Debit Cards vs. Credit Cards Which Is Better?

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Should I Carry A Credit Card Or A Debit Card?

For some time now there has been a bit of a debate as to which one makes the most sense, and which of the two that is. I am old school from the era of credit cards  and it is hard for anyone to shake my faith in the useful role that they fulfill when used appropriately. My definition of appropriate use is that the balance is paid off in full at the end of each month so that there are no interest charges incurred.

I can see why some people with a bit less self discipline can run into trouble when they don’t pay off the amount outstanding on the charge card by month end, and end up paying the ridiculously high interest rates that the cards charge.  If that happens, then it is pointless to point out the advantage of the ‘free’ 20 day interest free loan that charge cards can provide when used to maximum advantage.

Debit CardA debit card use has the same effect as an instantaneous cash withdrawal at your bank, with your account being lowered by the amount of your purchase at the moment that you make the purchase. For some people that is the best way to manage their money, by making sure that they spend no more than they have in their bank account. Debit cards achieve that to a certain extent, as long as you have a small enough overdraft so you can’t get seriously into the red.

Using a debit card means that you do not have to carry around large amounts of cash, and they are very convenient to use for making small purchases at the corner store or gas station. Typically they have no annual fees, but they do not necessarily afford the same level of protection as credit cards if they are lost or stolen unless it is reported within 2 days. After that, it is up to the discretion of the financial institution as to how much you may be on the hook for. It could be $500 or more, so ask at your bank.

When you use a debit card to make a purchase you are in essence paying for it in full at the point of purchase so if you have faulty merchandise or a dispute about the purchase itself, you have fewer options and to some degree are at the mercy of the seller who has your money.  As you can quickly discover, getting your money refunded, cheerfully or not, may take some time and or money depending in the sequence of events that follows.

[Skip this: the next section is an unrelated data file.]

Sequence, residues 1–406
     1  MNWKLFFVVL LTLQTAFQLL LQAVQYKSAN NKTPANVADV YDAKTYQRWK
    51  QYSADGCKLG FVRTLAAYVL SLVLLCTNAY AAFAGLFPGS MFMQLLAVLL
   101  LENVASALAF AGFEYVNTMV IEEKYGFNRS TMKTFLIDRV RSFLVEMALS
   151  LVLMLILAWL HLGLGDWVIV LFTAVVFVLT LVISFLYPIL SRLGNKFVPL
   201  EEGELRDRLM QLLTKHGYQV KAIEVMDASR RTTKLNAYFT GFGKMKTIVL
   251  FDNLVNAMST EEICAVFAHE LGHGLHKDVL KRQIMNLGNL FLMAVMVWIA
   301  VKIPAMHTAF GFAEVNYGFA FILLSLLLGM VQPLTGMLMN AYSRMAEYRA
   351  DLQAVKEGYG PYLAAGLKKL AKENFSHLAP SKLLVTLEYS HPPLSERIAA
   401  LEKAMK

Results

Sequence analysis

Not so with a credit card. You can simply refuse to make payments until the matter is resolved. Credit cards also limit your liability to $50 when they are lost or stolen, and the financial institution is more likely to be understanding if your circumstances didn’t lend itself to you reporting that your card is gone within 48 hours.

Credit Card For Me, Debit Card For You?

As you can see, there are advantages to having both types of cards. Certainly all large purchases should be made with a credit card, especially if you are going to pay off the balance prior to the first statement due date. A debit card should only be used for small day to day purchases in lieu of carrying cash on your person, although it is difficult to see the advantage except for accounting purposes. A debit card is just as juicy a target in a robbery as cash, and if you think a criminal can’t burn through your account in the time it takes you to notify the bank, think again. And just how much cash do you really plan on carrying anyways? If you are using your debit card for hundreds of dollars in purchases a day, you may want to consider using a credit card.

At the end of the day it is a matter of personal preference. I don’t have a debit card (as you can probably tell) and likely never will. However, I do see their benefits for tracking spending habits, and using them as part of a budget or bookkeeping system to keep a record of expenses and purchases. I have friends who swear by them and wouldn’t be without them.

Till Next Time….

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Sigrid McNab

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About Sigrid McNab

Sigrid McNab is the author of #1 Amazon Best Seller, speaker and the CEO and Founder of sigridmcnab.com. Sigrid specializes in blogging, attraction marketing, and generating highly qualified leads. Sigrid teaches people how to build a successful online business.

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4 Responses to “Debit Cards vs. Credit Cards Which Is Better?”

  1. Hale Yes Says:

    Sigrid,

    Thanks again for you insights. As someone who doesn’t focus on finances nearly as much as you do, I carry both. The debit card is used for day to day transactions and the credit card for tracking larger business trips and expenses. I will certainly never again have more than one credit card. It is just too easy to turn around and have massive CC debt. I don’t want to go there. I keep hearing things like the average American family has $25,000 or $14,000 of CC debt or whatever. At the family level that is the same financial crisis you talked about at the National leverl the other day.

    Thanks again,
    Dr. Hale
    Hale Yes recently posted…An Attraction Marketing Day! A Light Bulb Goes On!My Profile

    [Reply]

    sigrid Reply:

    You are very welcome Hale. I like your one credit card rule…

    [Reply]

    Reply

  2. Dagmar Wichary Says:

    No wonder people will never get out of their financial debt, the interest rate is way too high. I pay off my credit cards by the end of the month and I do not use my debit card very often. Too much is going on with people wanting your ID.

    [Reply]

    sigrid Reply:

    Good strategy Dagmar!

    [Reply]

    Reply

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